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Impact of the Marie Curie Cancer Care Delivering Choice Programme in Somerset and North Somerset on place of death and hospital usage: a retrospective cohort study
  1. Sarah Purdy1,
  2. Gemma Lasseter1,
  3. Thomas Griffin2 and
  4. Lesley Wye1
  1. 1Centre for Academic Primary Care, School of Social and Community Medicine, University of Bristol, Bristol, UK
  2. 2School for Policy Studies, University of Bristol, Bristol, UK
  1. Correspondence to Dr Sarah Purdy, School of Social and Community Medicine, University of Bristol, Canynge Hall, 39 Whatley Road, Bristol BS8 2PS, UK; Sarah.Purdy{at}bristol.ac.uk

Abstract

Objectives The Marie Curie Cancer Care Delivering Choice Programme (DCP) aims to help palliative patients be cared for in their place of choice. In this study, new palliative care services delivered in two counties in England included end-of-life care coordination centres, an out-of-hours telephone line and discharge in-reach nurses. The study aimed to investigate the impact of DCP on place of death and hospital usage (emergency department (ED) and admissions).

Methods Retrospective cohort of all eligible palliative patients who died over a 6-month period in two counties (n=3594). Participants were those who died of conditions considered to be eligible for end-of-life care, as defined by the Public Health England National End of Life Care Intelligence Network. The sample included people who did and did not access DCP services. DCP service, hospital admission and ED use data, demographic and death data were collected on all eligible participants. Data were analysed using descriptive statistics and logistic regression.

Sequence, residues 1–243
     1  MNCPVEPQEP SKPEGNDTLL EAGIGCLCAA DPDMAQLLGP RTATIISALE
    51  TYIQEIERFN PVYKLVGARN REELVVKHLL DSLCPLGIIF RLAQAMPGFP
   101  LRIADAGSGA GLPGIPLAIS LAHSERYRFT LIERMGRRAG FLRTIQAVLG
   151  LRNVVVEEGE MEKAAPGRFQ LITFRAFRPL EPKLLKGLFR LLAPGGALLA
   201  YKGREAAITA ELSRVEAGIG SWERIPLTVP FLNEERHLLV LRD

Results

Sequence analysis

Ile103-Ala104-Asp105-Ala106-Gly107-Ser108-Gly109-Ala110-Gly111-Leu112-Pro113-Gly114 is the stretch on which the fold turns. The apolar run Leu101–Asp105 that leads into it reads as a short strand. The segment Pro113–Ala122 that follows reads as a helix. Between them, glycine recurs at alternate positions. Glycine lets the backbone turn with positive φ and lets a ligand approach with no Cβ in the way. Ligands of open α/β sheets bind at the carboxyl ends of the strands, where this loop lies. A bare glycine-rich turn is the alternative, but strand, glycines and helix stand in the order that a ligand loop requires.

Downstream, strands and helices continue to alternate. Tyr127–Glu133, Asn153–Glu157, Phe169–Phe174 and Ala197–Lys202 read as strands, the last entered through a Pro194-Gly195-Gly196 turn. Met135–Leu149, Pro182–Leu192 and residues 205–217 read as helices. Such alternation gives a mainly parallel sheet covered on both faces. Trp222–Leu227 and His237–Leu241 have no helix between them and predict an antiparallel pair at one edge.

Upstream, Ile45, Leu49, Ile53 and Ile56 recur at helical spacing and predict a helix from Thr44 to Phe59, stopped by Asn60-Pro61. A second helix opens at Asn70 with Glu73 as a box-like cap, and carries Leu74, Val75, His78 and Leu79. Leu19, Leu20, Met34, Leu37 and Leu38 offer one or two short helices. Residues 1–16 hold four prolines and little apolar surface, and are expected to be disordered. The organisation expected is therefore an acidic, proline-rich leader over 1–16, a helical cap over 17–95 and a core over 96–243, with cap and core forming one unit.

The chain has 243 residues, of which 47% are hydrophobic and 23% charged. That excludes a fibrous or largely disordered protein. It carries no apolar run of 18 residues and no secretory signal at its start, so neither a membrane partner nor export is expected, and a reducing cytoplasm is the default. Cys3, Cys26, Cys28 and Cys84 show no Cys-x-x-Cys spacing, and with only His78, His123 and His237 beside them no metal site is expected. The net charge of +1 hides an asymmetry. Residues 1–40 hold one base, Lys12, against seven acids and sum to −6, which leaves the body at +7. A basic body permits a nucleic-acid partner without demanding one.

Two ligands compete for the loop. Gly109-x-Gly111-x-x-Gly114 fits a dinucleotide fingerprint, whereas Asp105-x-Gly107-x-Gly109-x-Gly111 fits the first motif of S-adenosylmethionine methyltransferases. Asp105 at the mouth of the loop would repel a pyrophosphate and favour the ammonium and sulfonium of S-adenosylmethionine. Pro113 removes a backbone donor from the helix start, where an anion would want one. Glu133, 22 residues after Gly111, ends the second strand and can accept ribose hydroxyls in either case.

Results After adjusting for potential confounders, those using Delivering Choice were at least 30% less likely to die in hospital or have an emergency hospital admission or ED visit in the last 30 or 7 days of life than those who did not.

Conclusions Recipients of DCP services were less likely to die in or use hospital services. Those considering new ways of providing end-of-life care could explore the possibility of adopting similar services and evaluating the outcomes from patient, carer and system perspectives.

Keywords
  • palliative care
  • hospitalization
  • cohort studies

This is an Open Access article distributed in accordance with the terms of the Creative Commons Attribution (CC BY 3.0) license, which permits others to distribute, remix, adapt and build upon this work, for commercial use, provided the original work is properly cited. See: http://creativecommons.org/licenses/by/3.0/

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